Dr. James D. Lesueur
HIST Radical Islam 425
February 25, 2013
Daniel Pipes: The Rushdie Affair
The British novelist Salman Rushdie has produced various works that have been considered to teeter the line of appropriate and inappropriate to the public view. However, Rushdie’s work the “Satanic Verses” which presented a satirical outlook of Islam, prevailed to be the most controversial and contentious of his line of works. Many Muslims argued that Rushdie’s book demeaned the origins of the Islamic faith and also the Prophet Muhammad; radicals demanded that the book be banned in all countries where Islamic influence persisted. On the other side, there were also observers that debated that Rushdie’s book should not be banned because of Salman Rushdie’s freedoms of expression. This epidemic resulted in the breakout of protest of radical Islamist and death threats against Salman Rushdie. Daniel Pipes’ peace “The Rushdie Affair: The Novel, the Ayatollah and the West,” depicts the issue “The Satanic Verses” poses on a global level. Pipes’ work is strategically put together to explain exactly how the “The Satanic Verses” became such a catastrophic peace of work, how Muslim activist perceived the content within Rushdie’s book, and most importantly in regards to radical Islam today, Daniel Pipes examines how this issue generated problems between Iran and the west, which, ultimately could potentially lead to future complications with radical Islamist.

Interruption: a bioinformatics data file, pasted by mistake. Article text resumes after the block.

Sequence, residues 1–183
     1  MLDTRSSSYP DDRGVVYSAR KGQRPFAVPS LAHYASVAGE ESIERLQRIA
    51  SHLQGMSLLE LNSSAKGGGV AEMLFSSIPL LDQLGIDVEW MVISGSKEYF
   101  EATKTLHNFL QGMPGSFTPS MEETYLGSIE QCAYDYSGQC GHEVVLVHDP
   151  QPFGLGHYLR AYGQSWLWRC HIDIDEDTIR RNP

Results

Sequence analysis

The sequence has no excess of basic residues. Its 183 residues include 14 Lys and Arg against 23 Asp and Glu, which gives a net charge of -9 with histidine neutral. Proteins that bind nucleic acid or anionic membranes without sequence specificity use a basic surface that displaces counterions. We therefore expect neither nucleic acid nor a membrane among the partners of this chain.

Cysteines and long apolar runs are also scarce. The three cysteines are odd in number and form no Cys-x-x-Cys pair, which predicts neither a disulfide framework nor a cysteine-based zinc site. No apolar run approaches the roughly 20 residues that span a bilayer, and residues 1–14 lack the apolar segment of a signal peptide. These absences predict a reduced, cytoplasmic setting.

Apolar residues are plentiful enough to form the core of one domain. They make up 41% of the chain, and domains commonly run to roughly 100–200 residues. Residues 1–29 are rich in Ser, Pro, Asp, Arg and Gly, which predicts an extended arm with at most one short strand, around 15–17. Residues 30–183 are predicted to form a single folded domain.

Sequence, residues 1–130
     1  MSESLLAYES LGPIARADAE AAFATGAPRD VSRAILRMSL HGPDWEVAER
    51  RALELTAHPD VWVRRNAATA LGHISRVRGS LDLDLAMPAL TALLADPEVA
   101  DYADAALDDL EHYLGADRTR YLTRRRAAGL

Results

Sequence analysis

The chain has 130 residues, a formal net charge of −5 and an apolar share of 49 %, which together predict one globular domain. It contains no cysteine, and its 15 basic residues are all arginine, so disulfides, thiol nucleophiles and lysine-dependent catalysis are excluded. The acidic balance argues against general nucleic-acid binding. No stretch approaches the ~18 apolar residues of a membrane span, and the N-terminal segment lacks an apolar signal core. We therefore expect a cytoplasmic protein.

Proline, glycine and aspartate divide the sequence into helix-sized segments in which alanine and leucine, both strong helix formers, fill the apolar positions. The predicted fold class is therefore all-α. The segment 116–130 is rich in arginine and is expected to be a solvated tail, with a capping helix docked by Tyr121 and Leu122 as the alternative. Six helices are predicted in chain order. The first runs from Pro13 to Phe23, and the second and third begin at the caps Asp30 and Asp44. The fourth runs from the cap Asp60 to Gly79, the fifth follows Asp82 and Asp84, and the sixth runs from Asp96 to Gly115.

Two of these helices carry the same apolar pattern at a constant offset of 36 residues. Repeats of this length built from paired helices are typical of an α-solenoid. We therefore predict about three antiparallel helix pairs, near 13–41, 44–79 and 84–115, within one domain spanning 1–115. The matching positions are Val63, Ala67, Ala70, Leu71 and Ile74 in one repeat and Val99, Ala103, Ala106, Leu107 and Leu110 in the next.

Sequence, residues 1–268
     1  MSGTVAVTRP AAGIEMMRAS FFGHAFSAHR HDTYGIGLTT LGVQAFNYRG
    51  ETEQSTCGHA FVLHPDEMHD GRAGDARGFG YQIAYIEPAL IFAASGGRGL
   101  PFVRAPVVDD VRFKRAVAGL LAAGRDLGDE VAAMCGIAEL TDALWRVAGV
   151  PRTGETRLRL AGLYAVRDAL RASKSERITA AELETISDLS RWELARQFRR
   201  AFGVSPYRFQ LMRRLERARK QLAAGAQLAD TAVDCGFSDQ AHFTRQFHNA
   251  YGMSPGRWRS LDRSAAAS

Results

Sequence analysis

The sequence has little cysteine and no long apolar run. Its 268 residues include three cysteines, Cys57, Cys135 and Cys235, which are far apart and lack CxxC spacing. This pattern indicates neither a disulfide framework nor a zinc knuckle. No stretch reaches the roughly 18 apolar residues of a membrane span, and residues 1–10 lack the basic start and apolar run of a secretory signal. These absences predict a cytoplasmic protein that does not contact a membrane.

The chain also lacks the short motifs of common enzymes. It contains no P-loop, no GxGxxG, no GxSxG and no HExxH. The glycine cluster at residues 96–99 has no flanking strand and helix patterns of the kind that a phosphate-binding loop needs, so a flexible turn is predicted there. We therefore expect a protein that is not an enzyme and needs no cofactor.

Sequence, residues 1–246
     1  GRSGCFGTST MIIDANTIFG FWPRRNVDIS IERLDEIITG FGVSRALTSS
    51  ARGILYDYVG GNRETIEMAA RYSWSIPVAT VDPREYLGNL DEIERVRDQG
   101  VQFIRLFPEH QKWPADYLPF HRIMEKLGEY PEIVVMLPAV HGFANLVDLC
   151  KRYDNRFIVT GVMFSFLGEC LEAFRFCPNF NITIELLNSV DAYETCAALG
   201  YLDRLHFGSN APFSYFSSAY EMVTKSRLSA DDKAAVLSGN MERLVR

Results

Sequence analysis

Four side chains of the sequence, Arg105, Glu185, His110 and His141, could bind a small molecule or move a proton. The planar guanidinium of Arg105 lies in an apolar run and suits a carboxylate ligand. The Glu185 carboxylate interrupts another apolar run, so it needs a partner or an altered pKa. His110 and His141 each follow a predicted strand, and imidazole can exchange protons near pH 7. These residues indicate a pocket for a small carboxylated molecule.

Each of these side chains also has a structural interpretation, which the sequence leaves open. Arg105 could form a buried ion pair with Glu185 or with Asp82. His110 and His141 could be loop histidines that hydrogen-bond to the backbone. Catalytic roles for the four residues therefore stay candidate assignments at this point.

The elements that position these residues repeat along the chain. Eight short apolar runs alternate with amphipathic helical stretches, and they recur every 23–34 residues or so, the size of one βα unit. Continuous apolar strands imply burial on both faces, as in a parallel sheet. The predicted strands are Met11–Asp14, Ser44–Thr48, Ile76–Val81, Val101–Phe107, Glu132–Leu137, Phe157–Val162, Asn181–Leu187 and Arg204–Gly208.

Before advancing into the particulars of how “The Satanic Verses” became such a debacle, it is imperative to understand Daniel Pipes’ intentions for publishing his work and his feelings for Salman Rushdie in this circumstance throughout “The Rushdie Affair.” First and Foremost I believe it is necessary to address that Daniel Pipes’ motives for writing “The Rushdie Affair” are completely nondiscriminatory. Pipes’ motives do not rest with radical Islamist; he is merely analyzing the extent of this...